The Golden Concepts
You may find the odd walking stick at Watsons or Guardian, but for a really comprehensive range of everything you might possibly need to make life better for your loved ones, you have to go to The Golden Concepts.
I like how they source for products that are stylish rather than being plain “geriatric”. For example, over in the bathroom section, there are actually designer-looking brushed steel grab bars ($75) which definitely look like an upgrade over the standard $21 plastic ones, and they stock colourful portable walking canes from The Cane Collective (from $39). Gotta age in style, right?
There’s also a good selection of other mobility aids from walkers (from $129) to wheelchairs (from about $200, excluding wheelchair rental).
The Golden Concepts’ most interesting product is this swivel cushion ($39), which helps older folks get in and out of cars easily especially when combined with this car handle grip ($49). I can’t explain this in words; you’ll have to watch the video of the ah ma getting out of the car yourself.
TGC has an Ubi showroom that’s open daily so you can test the products. Delivery varies from product to product and is free for orders above $100; you can also opt to self-collect from their warehouse for free.
This online store is very far from The Golden Concepts in terms of slickness and user experience, but if you like some of the products that TGC has, you should definitely take a look at SeniorCare.com.sg.
SeniorCare has a smaller range of products but you can actually find some TGC items for cheaper on here. For example, that cool $39 swivel chair I was talking about? It’s only $25.50 on SeniorCare. They also have an $89 brushed steel grab bar that’s retailing at $138 on TGC.
Apart from that, I couldn’t find much difference in terms of pricing and range for walking canes, walkers, wheelchairs. SeniorCare doesn’t have many household products, but they do have a good range of really cheap pressure-relieving memory foam cushions (from $9.90).
Delivery, again, depends on the bulkiness of your item. For small items, it’s cheap – just $4 – and shipping is free on orders $150 and above. You can also collect from the warehouse in Woodlands for free.
As its name suggests, Rehab Mart specialises in equipment and products that you’d use in a rehabilitative care situation – think exercise equipment for physiotherapy and hospital-style beds.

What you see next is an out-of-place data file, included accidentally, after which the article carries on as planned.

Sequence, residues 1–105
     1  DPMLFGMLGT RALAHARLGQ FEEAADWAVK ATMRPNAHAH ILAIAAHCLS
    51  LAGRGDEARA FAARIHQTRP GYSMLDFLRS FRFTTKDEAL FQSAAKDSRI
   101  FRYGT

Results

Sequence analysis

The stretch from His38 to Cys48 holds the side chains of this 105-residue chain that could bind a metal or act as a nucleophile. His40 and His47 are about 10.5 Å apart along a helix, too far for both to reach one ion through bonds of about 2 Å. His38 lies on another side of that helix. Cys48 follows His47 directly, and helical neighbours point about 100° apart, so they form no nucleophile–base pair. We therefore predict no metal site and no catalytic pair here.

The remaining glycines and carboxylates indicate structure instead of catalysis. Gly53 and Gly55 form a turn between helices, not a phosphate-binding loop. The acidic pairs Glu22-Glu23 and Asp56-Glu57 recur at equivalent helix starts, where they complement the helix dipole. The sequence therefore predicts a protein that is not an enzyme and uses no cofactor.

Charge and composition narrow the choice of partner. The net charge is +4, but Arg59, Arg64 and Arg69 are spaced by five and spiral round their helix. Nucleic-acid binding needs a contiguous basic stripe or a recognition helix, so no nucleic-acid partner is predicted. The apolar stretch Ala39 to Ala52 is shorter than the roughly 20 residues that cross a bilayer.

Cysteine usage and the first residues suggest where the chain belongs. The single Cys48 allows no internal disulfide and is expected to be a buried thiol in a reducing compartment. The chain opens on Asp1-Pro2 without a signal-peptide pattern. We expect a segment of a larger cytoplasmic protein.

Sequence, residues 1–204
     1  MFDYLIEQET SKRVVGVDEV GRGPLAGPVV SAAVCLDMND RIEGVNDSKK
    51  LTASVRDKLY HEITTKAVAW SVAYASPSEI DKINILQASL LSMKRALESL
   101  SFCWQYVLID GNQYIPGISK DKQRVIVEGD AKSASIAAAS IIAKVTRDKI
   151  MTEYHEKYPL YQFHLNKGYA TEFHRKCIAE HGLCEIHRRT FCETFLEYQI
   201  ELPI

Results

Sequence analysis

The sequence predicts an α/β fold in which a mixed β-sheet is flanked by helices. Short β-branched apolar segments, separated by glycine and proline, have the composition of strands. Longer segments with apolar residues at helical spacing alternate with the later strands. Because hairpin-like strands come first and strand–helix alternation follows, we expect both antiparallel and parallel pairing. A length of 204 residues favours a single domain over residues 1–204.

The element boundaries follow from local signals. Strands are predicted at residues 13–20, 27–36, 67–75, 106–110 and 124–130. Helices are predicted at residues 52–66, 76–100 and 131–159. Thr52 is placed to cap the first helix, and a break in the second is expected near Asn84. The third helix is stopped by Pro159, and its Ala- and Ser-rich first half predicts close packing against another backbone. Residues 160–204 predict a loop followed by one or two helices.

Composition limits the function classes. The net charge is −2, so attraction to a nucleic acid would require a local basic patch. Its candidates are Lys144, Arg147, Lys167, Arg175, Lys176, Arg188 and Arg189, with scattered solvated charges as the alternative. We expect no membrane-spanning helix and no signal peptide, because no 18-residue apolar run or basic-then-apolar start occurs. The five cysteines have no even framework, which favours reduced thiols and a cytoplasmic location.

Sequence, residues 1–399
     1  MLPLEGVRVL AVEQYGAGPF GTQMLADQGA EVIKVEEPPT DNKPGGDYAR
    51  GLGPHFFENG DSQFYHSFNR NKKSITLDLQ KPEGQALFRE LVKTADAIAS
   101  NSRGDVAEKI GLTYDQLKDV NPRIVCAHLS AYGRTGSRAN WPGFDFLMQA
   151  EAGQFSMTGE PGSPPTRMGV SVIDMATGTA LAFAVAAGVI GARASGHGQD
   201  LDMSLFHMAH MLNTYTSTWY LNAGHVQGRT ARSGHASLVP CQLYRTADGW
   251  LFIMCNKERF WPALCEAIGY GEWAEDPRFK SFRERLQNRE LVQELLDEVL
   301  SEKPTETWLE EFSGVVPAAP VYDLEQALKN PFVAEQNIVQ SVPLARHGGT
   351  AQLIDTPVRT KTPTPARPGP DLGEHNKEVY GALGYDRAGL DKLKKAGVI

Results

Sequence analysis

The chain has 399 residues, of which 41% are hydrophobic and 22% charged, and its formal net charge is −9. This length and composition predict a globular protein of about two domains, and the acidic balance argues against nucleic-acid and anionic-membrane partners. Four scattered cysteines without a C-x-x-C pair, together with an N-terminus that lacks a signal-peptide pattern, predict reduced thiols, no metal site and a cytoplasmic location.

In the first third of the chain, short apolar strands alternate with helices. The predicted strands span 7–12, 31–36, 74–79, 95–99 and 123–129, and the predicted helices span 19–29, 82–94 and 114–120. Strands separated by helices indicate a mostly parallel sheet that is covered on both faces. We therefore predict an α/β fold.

One good thing about Rehab Mart is that it has a few physical outlets – Chinatown, Balestier, Paya Lebar and Upper Thomson – so you can view the items in person, which may be quite useful for certain things like wheelchairs, walkers and walking sticks.
Bear in mind that the products at Rehab Mart aren’t cheap though, but that’s how it is with most products marketed as “medical” equipment.
I wouldn’t recommend IKEA as the first place to go for your “senior proofing” needs, but if you happen to be going to the Swedish furniture megastore, you may want to check out their new Omtanksam collection.
This is a special series of daily household items like cushions, dinnerware and even plant pots that are designed for accessibility. Items range from a $1.90 “jar opener” to this $849 sofa that’s designed to be easy to get in and out of. IKEA also sells really cheap grab bars (under $10!) which are stylish too.
While at IKEA, I would also recommend looking at the lighting section. Bright light is important for making the home safe for older folks, and an easy way of improving the lighting conditions at home (short of a complete renovation) is to upgrade the light bulbs of existing fixtures to brighter LEDs.
Also, consider getting “accessory lights” like night lights, LED strips and/or lamps to illuminate the darker spots around the house.
Have you done anything to make the home safer for your folks? Share your tips with us in the comments.
EASE HDB Package for Elderly Residents in Singapore (2019): How Much Does It Cost?